Patterns and Determinants of Inappropriate Antibiotic Use in Injection Drug Users

In a series of focus groups, injection drug users reported experiencing discrimination and mistreatment when seeking antibiotics at emergency care facilities. Perceived differences in the quality of care contributed to patterns of avoidance and delay in seeking antibiotics.

This article examines patterns of antibiotic use among injection drug users in three stages: (1) seeking care for infections; (2) obtaining antibiotics; and (3) implementing an antibiotic regimen. Initial focus group questions addressed prior infections; previous experiences with care providers; sources of and beliefs about antibiotics. Researchers then refined questions to facilitate open-ended discussion at subsequent focus groups. The authors analyzed transcripts using NVivo qualitative analysis software and the constant comparative method of analysis.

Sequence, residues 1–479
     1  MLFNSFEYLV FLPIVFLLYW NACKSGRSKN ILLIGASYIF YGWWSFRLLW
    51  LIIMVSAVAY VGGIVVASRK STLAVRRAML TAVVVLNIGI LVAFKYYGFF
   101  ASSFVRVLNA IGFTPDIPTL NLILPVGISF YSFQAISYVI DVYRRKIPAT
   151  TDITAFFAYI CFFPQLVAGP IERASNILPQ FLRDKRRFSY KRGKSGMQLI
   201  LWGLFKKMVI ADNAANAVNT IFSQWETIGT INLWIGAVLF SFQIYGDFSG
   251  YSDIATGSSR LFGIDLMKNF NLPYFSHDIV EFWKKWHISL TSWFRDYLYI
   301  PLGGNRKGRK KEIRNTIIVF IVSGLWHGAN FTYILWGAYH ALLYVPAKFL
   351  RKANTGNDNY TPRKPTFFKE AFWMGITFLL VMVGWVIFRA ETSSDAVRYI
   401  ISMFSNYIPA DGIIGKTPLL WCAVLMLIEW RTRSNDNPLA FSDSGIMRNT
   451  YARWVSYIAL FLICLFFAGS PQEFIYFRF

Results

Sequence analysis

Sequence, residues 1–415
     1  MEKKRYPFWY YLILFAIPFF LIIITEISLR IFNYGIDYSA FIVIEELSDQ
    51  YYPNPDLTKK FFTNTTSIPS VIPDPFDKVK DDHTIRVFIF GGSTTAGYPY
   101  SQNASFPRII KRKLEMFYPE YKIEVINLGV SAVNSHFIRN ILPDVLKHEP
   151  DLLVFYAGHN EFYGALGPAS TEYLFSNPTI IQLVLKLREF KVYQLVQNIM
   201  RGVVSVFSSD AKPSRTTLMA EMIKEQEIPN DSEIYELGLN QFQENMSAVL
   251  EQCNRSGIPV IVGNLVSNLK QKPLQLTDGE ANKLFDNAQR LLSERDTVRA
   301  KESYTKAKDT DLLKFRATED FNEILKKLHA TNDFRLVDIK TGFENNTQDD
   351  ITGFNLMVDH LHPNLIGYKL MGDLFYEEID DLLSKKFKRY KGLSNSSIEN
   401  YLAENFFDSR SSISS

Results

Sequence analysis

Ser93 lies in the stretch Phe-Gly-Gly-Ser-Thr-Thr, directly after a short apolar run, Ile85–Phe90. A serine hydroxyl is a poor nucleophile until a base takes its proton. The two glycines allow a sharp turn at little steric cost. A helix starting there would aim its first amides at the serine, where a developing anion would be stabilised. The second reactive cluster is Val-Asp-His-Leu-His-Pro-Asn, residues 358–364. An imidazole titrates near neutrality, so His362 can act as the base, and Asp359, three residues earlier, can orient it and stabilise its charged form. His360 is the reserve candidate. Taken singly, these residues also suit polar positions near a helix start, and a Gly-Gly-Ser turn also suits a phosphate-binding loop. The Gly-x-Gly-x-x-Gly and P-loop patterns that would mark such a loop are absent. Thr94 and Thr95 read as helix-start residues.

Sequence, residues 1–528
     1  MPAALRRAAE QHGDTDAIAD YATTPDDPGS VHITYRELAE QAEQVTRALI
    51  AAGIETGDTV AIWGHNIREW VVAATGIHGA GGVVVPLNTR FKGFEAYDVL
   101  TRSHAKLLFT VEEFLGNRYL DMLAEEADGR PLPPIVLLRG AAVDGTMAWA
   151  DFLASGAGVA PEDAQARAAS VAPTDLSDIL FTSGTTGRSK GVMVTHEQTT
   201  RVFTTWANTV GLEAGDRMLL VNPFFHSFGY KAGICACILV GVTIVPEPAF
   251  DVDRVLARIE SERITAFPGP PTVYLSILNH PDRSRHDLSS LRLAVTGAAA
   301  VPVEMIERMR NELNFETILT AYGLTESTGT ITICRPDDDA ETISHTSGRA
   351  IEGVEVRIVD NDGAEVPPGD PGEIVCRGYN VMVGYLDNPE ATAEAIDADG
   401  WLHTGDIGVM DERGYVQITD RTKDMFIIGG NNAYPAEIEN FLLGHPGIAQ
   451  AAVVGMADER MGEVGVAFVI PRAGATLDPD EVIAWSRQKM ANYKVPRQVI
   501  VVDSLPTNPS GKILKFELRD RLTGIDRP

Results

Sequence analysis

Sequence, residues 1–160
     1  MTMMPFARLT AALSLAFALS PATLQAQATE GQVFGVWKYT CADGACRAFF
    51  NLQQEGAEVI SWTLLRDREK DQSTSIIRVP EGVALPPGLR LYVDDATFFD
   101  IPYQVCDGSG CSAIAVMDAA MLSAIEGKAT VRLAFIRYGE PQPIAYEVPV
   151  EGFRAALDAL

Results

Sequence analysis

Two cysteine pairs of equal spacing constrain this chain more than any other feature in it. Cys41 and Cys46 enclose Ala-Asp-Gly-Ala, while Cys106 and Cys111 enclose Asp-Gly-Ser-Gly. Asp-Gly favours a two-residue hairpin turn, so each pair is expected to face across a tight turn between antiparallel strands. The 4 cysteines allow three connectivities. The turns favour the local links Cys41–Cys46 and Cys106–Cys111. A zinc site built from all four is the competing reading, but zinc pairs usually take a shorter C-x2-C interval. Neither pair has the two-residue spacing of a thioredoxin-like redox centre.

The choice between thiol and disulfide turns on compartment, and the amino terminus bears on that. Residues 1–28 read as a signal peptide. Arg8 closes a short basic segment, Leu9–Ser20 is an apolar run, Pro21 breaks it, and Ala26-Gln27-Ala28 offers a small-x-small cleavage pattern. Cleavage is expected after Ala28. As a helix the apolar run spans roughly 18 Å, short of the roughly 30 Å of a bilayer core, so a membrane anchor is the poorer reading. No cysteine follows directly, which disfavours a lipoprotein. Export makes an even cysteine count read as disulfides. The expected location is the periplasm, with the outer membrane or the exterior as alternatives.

Key Findings:

  • Participants felt that their previous experiences receiving treatment at emergency departments discouraged them from returning.
  • Many participants in the focus groups reported obtaining antibiotics from nonprovider sources including family, friends and other drug users.
  • Participants expressed concern that antibiotics would interact with their drug of choice, lessening the effects or causing undesirable complications.

Misuse of antibiotics contributes to the spread of drug resistant infections. This qualitative study constitutes initial research toward developing an intervention to improve antibiotic use among injection drug users.